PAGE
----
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Brute strength was once the hallmark of great hockey teams. Then dynamic skating and speed became all important. Now we’ve entered the age of the goalie, where having a stellar net minder is a basic requirement for success. Brown senior Anthony Borelli came out of nowhere his senior year to lead his team, almost by himself, into the Eastern Collegiate Athletic Conference (ECAC) playoffs with home ice advantage. Across town at Providence College, freshman goalie Jon Gillies put up ludicrous numbers in February, helping Providence stay at the top of the Hockey East conference.
Borelli at Brown is an unlikely hero, as he didn’t play last season. Then this year, after the Brown Bears suffered a 7-0 beating by Providence College eight games into the season, Borelli finally got his chance. And since then he’s been lights out: a 1.77 Goals Against Average (ranked 5th in the country) and an astounding .943 Save Percentage. Brown coach Brendan Whittet says, “A goaltender can change everything. Anthony has allowed us the opportunity to have a run in the playoffs and he’s given our guys the confidence to execute on the offensive side. That’s a powerful thing.”
What is remarkable is that Borelli has done this all in his final year at Brown. In a phone interview he responded to what it was like to start after not playing earlier in college: “It definitely feels good. At first I felt overwhelmed with the pressure, but after a few games it became natural again.” “I’ve always told the guys that you can make a career as a senior,” Whittet says. “Anthony has gone though a lot of different emotions and challenges, and he’s come through with flying colors. He communicates to the young guys what it takes to be successful at this level.” The team had a strong year, and Brown was able to secure home ice advantage in the ECAC playoffs for the first time since 2005. And with their two regular season ties with number one ranked Quinnipiac, anything is possible in the postseason [by the time this issue goes to press the first round of playoffs will be decided].
At Providence College, 19-year-old Jon Gillies has been excellent in net, helping to keep the Friars among the six teams playing musical chairs all year for the number one slot in the Hockey East conference. Stat-wise he boasted a 2.09 Goals Against Average and an amazing .931 Save Percentage (Gillies was selected last year in the third round of the NHL Entry Draft by the Calgary Flames). In an interview Providence College Coach Nate Leaman commented on how rare it is to see this kind of skill from a first year player: “It is not overly unusual to see this level of ability, but to see this level of consistency in a freshman is unusual. He competes for the puck every night.”
Just like Borelli has done for the Brown Bears, Gillies has given the Friars the confidence to challenge the top teams within the conference. Leaman added, “Jon is a highly talented and athletic goaltender, and this is in a year where goaltending has been outstanding in our league. He is among the best, and a candidate for Hockey East Rookie of the Year.” In an interview Gillies responded to the question of being a freshman leader: “I don’t feel any added pressure. It just has been a great situation to be in and I try and give my team a chance to win every night.”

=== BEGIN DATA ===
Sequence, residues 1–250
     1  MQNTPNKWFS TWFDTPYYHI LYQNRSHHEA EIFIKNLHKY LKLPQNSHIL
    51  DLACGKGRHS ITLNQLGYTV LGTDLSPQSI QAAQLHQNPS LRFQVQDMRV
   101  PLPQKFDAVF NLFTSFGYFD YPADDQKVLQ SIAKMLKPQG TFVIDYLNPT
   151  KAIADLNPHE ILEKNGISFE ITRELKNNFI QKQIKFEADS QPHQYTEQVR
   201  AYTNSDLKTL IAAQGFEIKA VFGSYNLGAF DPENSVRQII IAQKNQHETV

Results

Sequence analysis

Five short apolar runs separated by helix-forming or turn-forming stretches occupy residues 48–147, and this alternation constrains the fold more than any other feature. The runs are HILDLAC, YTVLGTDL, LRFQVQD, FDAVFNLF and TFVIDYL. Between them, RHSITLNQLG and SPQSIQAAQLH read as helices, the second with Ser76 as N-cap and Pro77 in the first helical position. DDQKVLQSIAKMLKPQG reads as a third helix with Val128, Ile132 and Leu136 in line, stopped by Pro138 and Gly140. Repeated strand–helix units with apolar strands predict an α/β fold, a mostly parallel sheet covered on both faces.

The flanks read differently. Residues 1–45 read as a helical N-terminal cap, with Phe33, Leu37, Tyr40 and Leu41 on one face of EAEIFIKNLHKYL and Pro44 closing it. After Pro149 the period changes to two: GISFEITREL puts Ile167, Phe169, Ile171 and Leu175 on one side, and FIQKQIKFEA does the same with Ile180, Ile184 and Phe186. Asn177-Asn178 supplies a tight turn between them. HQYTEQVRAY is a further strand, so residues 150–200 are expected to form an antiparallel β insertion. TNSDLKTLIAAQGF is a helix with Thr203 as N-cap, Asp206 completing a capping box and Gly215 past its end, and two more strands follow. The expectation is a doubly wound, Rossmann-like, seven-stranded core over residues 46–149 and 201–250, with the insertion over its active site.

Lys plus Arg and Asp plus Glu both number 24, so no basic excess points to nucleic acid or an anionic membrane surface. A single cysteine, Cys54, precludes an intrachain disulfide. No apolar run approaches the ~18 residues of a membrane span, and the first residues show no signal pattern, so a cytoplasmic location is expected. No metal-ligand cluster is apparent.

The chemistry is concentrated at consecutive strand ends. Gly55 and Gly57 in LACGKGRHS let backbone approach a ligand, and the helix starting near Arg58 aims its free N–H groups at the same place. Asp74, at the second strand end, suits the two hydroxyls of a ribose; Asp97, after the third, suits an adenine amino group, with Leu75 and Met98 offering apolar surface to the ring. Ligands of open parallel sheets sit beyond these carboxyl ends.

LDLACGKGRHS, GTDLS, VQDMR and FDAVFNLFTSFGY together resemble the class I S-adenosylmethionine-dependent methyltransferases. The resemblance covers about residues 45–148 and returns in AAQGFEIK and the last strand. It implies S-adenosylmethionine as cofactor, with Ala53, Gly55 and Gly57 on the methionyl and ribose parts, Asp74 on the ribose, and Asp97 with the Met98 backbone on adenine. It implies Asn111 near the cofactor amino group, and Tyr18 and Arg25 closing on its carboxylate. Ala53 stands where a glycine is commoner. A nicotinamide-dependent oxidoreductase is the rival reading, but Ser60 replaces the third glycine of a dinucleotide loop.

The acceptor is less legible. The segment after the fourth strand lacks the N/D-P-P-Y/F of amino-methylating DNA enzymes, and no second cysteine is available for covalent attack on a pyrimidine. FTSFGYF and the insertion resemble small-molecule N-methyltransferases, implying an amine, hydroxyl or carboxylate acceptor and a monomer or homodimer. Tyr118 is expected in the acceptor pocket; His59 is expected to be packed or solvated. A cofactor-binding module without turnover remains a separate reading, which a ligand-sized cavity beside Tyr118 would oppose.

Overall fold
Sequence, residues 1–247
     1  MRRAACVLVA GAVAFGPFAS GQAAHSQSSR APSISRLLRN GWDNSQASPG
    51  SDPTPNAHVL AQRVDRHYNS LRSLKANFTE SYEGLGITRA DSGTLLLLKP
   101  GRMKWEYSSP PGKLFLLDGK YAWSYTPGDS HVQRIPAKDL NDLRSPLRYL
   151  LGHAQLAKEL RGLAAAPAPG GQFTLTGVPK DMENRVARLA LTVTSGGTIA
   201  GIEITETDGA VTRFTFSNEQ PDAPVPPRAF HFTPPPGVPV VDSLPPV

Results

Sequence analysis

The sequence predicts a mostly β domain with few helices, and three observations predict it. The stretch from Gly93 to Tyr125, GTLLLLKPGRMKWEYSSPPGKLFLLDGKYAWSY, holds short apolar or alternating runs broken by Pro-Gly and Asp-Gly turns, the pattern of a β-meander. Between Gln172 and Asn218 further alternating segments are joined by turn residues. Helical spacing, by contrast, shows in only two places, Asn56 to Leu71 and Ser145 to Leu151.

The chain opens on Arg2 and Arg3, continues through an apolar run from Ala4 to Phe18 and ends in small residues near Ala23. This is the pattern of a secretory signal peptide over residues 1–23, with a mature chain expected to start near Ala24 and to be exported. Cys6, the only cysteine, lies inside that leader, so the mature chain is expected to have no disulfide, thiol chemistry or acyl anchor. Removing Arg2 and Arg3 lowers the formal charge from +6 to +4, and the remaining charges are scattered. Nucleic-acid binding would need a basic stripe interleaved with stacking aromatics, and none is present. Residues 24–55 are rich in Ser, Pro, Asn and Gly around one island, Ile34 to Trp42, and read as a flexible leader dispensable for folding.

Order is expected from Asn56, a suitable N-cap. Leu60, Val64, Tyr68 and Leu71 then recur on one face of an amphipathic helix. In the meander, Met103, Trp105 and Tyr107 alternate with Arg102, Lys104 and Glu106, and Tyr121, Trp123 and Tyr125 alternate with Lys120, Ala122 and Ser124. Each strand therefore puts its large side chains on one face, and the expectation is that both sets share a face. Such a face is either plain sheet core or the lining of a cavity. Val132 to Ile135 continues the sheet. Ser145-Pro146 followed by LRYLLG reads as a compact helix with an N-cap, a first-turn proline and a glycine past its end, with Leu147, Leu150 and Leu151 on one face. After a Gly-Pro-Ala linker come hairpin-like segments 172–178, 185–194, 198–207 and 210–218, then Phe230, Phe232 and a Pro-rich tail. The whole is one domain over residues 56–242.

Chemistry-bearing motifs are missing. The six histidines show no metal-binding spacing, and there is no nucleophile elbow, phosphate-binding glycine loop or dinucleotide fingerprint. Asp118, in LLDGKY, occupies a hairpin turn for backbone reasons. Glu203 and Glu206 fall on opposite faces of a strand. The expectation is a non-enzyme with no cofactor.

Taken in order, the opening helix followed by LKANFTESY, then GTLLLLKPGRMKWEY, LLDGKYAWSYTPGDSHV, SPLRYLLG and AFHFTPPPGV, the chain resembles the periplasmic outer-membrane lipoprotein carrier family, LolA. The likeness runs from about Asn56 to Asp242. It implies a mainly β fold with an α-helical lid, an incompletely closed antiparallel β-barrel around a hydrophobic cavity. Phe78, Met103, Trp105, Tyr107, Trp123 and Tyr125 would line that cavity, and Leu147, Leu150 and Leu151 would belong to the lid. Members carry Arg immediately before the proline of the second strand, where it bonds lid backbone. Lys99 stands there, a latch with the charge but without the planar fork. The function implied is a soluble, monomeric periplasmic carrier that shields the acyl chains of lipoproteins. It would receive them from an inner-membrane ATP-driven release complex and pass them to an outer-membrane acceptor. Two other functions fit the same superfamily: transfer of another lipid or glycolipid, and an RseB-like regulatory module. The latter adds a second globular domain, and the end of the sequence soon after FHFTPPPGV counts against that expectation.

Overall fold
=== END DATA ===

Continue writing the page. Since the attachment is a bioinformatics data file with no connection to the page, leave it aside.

By the time this publication is printed, the playoffs will be in full swing for both the ECAC and Hockey East conferences. Then it’s on to the National Collegiate Athletic Association (NCAA) Men’s Ice Hockey Championship tournament at the end of March, comprising of 16 teams that include the champions of each of the five Division 1 conferences (receiving automatic bids) with the remaining 11 teams decided by computer rankings. It is doubtful that Brown would continue to the NCAA playoffs without an ECAC championship, and there is no guarantee that Providence College would get a bid without a Hockey East championship. Adding some excitement is the fact that the NCAA regionals are being held this year at the Dunkin Donuts Center and hosted by Brown University.
With Providence College surging into the playoffs and Brown holding their own, there are high hopes for the NCAA tournament. And it is clear both teams simply wouldn’t be where they are without Borelli and Gillies. Coach Whittet admitted, “Anthony has single-handedly put together one of the best seasons I’ve ever been involved with, either when I was a player or throughout my 15 years coaching.” Time will tell if these goalies can lead their teams to the promised land of conference championships – and when dreaming big – to NCAA Frozen Four national glory.